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Business

Quest for pastry perfection spurs an Indonesia-Japan partnership

As rivalries heat up in Jakarta and beyond, cafe chain turns to Japanese oven maker

An Excelso shop: The chain considers food "the critical factor" for success in Indonesia's cafe market.

TOKYO -- The food and beverage group behind Indonesia's Excelso cafe chain is looking to one-up the competition by making better pastries -- with some help from a Japanese oven maker.

Mergonoto Investama, a group company of Kapal Api Global, recently agreed with Japan's Shichiyo to set up a joint venture, Shichiyo Mergonoto Makmur. Excelso currently gets its pastries from a vendor but is looking to do the baking in-house. The joint venture will produce frozen pastry dough to be baked and sold at Excelso coffee shops.

Each side will put in half of the 11 billion rupiah ($824,000) needed to form the company. They hope to begin construction of a factory in Surabaya this year, and will also look to utilize other temporary factories like shophouses, known as ruko, and sell the dough to other Indonesian supermarkets and restaurant in the future.

"We were not satisfied with our current pastries and sweets," said Christeven Mergonoto, director at Kapal Api Global. "We are trying to improve the quality, the taste and the look. I believe we cannot just change the supplier -- we needed something different [within] the company."

Inspire, a Japanese investment firm, helped broker Kapal Api's deal with Shichiyo. It previously invested 100 million yen ($901,000) in the Fukuoka-based oven manufacturer to pave the way for the joint venture.

Shichiyo is a major player in the oven market, known for its commercial-use brand Backen. It also produces frozen pastry dough for cafes and bakeries.

The oven maker intends to install its products in Excelso shops with enough space for bakeries. The company hopes the arrangement will give it a foothold for expansion across Asia.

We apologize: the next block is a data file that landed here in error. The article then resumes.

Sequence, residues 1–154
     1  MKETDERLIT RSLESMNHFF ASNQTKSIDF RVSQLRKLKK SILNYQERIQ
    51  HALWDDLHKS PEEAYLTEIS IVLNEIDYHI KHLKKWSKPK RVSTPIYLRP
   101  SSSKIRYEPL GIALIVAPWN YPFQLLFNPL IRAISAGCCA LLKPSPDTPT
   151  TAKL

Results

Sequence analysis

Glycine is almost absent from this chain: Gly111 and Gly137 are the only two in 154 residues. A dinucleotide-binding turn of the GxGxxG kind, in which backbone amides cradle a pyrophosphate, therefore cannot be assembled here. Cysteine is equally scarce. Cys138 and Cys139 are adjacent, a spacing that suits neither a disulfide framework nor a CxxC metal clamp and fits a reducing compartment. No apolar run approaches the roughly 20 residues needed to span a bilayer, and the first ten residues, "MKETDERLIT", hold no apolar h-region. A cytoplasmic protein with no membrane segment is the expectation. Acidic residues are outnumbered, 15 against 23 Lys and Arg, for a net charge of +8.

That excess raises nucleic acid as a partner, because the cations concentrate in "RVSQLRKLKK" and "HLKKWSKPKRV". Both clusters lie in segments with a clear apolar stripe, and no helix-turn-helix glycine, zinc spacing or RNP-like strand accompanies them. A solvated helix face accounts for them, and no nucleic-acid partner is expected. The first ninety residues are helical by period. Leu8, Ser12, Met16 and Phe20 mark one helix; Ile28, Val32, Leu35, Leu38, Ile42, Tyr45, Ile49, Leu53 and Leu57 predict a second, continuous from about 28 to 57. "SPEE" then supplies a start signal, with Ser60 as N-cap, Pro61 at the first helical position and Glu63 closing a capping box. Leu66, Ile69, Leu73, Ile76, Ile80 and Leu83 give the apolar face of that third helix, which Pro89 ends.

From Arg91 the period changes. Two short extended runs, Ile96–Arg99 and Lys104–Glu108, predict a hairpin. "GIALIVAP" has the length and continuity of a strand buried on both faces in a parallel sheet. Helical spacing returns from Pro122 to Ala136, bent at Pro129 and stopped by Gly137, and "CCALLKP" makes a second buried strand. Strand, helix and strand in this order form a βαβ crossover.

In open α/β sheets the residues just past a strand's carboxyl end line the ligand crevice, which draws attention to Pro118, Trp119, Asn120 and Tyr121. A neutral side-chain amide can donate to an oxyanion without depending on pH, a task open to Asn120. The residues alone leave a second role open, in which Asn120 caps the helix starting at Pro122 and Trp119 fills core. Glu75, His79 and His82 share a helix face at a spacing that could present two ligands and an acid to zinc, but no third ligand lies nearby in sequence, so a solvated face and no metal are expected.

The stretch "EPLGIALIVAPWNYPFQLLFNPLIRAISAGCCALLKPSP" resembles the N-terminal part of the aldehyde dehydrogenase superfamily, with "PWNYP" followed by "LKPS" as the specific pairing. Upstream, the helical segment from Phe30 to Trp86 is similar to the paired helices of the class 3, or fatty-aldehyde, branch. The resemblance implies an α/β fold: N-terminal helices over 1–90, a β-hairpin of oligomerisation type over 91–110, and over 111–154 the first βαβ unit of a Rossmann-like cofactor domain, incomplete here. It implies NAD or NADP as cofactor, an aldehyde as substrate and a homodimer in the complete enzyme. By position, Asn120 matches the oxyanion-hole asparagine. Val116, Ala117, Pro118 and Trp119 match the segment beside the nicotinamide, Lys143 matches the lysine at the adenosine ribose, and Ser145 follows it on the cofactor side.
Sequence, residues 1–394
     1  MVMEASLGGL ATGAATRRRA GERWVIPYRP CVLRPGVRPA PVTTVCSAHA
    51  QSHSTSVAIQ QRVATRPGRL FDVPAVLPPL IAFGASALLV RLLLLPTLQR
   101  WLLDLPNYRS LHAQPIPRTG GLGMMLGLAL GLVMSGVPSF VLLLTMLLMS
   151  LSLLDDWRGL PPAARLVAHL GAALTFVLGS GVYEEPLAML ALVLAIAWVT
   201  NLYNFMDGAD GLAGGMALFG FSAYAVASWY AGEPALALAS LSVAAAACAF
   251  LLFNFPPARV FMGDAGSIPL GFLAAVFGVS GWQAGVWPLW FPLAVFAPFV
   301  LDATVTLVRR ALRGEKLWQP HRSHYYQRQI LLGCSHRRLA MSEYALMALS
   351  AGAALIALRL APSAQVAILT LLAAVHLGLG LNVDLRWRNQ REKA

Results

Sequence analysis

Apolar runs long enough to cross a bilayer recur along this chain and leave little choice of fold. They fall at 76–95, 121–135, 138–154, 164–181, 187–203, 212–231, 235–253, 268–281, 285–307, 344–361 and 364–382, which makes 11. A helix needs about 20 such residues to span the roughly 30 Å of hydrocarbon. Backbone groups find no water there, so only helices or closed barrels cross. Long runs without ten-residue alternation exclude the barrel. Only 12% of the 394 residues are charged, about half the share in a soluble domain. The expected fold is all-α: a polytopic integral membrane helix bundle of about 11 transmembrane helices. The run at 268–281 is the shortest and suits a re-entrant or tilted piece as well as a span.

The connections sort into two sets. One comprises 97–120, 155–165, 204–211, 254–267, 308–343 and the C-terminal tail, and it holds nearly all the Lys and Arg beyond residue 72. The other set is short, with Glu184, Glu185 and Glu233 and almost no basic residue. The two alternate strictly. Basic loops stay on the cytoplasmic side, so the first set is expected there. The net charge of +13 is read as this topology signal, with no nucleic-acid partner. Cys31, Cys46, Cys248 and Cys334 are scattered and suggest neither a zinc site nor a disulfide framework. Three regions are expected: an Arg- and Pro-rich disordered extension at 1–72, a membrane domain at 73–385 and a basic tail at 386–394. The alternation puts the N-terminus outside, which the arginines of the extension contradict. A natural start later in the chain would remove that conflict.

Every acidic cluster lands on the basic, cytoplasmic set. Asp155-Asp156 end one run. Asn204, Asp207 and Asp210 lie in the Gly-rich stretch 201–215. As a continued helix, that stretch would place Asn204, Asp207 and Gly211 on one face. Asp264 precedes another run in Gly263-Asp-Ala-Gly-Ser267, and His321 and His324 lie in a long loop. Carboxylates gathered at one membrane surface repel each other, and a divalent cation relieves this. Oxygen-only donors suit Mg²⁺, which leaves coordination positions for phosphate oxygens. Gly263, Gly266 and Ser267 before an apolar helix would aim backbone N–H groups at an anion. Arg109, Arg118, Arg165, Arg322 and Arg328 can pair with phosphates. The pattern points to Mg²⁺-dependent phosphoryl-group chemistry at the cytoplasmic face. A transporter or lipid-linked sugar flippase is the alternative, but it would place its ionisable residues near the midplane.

Since the arrival of Starbucks in the early 2000s, the Indonesian coffee shop market has become intensely competitive. Although most cafes are in the capital, Jakarta, coffee shops have also been sprouting up in other major centers, including Bandung, Yogyakarta and Bali. Some reports say the country now has 1,025 specialty coffee outlets and 1,083 chain cafes -- double the tallies from five years ago.

Food quality can make or break a cafe. This, perhaps, stems from how Indonesia's cafe culture evolved from traditional street stalls, which commonly sell meals and snacks.

"Food is the critical factor in determining the success of a coffee shop," Mergonoto said. "Indonesians, especially higher-class Indonesians -- they want to drink coffee with some sweets."

Mergonoto noted that many customers will sit in a cafe for hours, provided they have something tasty to nibble on. "We believe that the partnership with Shichiyo, their expertise, in oven making and frozen dough making will be beneficial for Excelso in the future."

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